Close your eyes and think about the last sporting event you attended. It doesn’t matter if it was a professional or amateur game. It was probably filled with chatter and music. Whether it be a goal song in hockey or a walk-up song in baseball, music plays a major role in sports. It gets athletes pumped up; a specific song is part of an athlete’s identity.
I spoke with several Wesleyan baseball players, who explained why their walk-up song represents them. Ben Owen, a Midwestern, first-year catcher, chose “Revel” by David Bowie as his walk-up song.
“It’s an upbeat, catchy guitar riff that locks me in mentally,” Owen said. “It has a kind of rugged feel to it and I like that. I hope it represents a little Midwest swagger. I feel like anything with a rugged electric guitar makes a somewhat intimidating walk-up. But also because it’s David Bowie hopefully people think I have good taste in music.”
There’s a story behind every walk-up song. From a young age, Owen probably listened to Bowie driving to Little League games with his parents, getting locked in as he approached the field in Kansas City. For Owen, “Revel” isn’t just a song. Instead, it’s a part of his Midwestern identity. Every time he comes to the plate with “Revel” blaring, he thinks about the sacrifices he and his parents made along the way to make the dream of playing college ball into a reality.
Kevin Walek ’20 is a Minnesotan shortstop with another unique walk-up song: “Gangsta’s Paradise” by Coolio.
“I chose it because it’s in the film ‘Dangerous Minds,’ which is one of my favorite ‘bad’ movies,” Walek said. “One of the themes of ‘Dangerous Minds’ is that hard work is the key to success. I think the song lets people know that, even though they might be more talented than me, I’m going to beat them because I want it more and will do whatever it takes to win.”
Walek’s justification for the song is truly indicative of who he is as a ballplayer. As a guy who hits lower in the lineup, his job is to grind out at-bats, get the opposing pitcher’s pitch count up, and get on base whatever way possible. He may not have the bat speed or the pure strength that other hitters do, but he knows his job, and in order for Wes to be successful, he has to get it done.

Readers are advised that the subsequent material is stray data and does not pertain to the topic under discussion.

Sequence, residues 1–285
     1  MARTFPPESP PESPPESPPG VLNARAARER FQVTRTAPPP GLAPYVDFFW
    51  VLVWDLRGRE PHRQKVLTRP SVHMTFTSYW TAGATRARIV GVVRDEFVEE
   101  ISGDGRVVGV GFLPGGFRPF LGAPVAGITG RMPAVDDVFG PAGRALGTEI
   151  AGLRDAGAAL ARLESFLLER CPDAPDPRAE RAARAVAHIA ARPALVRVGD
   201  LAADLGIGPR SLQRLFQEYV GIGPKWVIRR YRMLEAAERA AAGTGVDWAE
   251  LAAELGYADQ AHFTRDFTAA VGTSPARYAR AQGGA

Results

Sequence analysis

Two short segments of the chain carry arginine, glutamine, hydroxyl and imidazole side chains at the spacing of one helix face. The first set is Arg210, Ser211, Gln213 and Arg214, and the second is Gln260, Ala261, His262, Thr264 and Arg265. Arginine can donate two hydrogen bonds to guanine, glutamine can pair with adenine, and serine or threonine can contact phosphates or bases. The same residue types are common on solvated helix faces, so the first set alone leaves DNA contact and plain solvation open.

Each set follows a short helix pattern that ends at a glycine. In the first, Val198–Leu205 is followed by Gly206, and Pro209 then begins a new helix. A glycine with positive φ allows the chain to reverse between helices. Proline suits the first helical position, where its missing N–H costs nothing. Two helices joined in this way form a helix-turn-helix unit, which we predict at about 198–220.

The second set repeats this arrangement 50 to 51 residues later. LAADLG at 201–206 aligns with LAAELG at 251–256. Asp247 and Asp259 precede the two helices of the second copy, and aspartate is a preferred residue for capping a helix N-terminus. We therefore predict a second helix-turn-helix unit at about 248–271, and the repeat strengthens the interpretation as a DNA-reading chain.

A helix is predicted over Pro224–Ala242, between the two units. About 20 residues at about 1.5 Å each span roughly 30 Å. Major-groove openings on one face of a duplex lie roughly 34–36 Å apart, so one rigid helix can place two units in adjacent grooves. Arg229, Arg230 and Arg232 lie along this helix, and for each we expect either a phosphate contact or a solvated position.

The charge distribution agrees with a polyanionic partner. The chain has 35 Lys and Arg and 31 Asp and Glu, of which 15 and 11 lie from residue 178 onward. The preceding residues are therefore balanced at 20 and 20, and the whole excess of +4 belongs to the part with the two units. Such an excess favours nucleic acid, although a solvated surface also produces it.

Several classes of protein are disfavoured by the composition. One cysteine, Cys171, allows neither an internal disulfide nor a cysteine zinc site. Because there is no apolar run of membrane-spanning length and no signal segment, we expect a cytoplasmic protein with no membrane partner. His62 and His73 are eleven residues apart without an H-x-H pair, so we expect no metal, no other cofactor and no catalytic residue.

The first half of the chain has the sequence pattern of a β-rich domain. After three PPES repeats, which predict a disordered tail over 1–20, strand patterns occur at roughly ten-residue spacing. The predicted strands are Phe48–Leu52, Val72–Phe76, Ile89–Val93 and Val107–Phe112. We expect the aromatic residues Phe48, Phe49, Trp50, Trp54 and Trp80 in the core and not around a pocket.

Senior Collin Andrews is another Midwestern guy. He’s an outfielder from Chicago, Ill. His walk-up song is one that we all know, love, and dance to: “Shake it Off” by Taylor Swift.
“During my freshman year, I dazzled the baseball crew, seniors and all, with my dance moves to ‘Shake it Off,’” Andrews said. “After that moment, I embraced dancing as a part of my social identity. I find it relaxes me and or makes people watching feel embarrassed for me. I think when opponents hear this song, they will secretly say, ‘Damn, I love this song,’ and feel the urge to dance but do nothing about it. They’ll probably think I’m weird and slightly feminine for picking this as a walk-up song. They would be correct.”
Andrews is one of those guys you love to have on your team. He doesn’t walk up with “The Man” by Aloe Blacc or another song that’s supposed to intimidate the other pitcher. Like Owen, Andrews brings part of his heart to the plate. As he taps his aluminum bat on the outside corner of the plate, Taylor Swift’s “got nothing on my brain, cause that’s what people say” fades into the night. I’m sure those lyrics resonate with Andrews because it allows him to go back to a time when he first became a part of a team as a first year. That gives him the confidence to know that the guys on the bench will be there for him at all the lows and highs—of not only baseball but life as well.
While the three of them may have different preferences, these varied songs have the ability to bring them together as a team.
During the winter crew season, I’m inside grinding through endless erg pieces, which can be a strenuous and lonely journey. The team’s quads and hamstrings burn. Our lower back and traps sting as our minds keep telling us that there’s no way we can finish.
Then,“Till I Collapse” comes on by Eminem: “Cause sometimes you just feel tired, you feel weak / And when you feel weak you feel like you want to just give up / But you gotta search within you, you gotta find that inner strength.”
My mindset immediately shifts when I hear this song. I understand that I can’t give up because while I’m doing my own exercise, success in crew is dependent on team unity. We can speed doing the erg pieces because we do them together as a unit.
I always have “Shipping Up to Boston” as one of my concluding songs to the workout. The Dropkick Murphys’ screeching electric guitars invigorate me with a passion to empty the tank on the last few minutes of the piece because I think of what my hometown is all about: hard work, resiliency, competitiveness, winning.
Andrew Martin can be reached at firstname.lastname@example.org.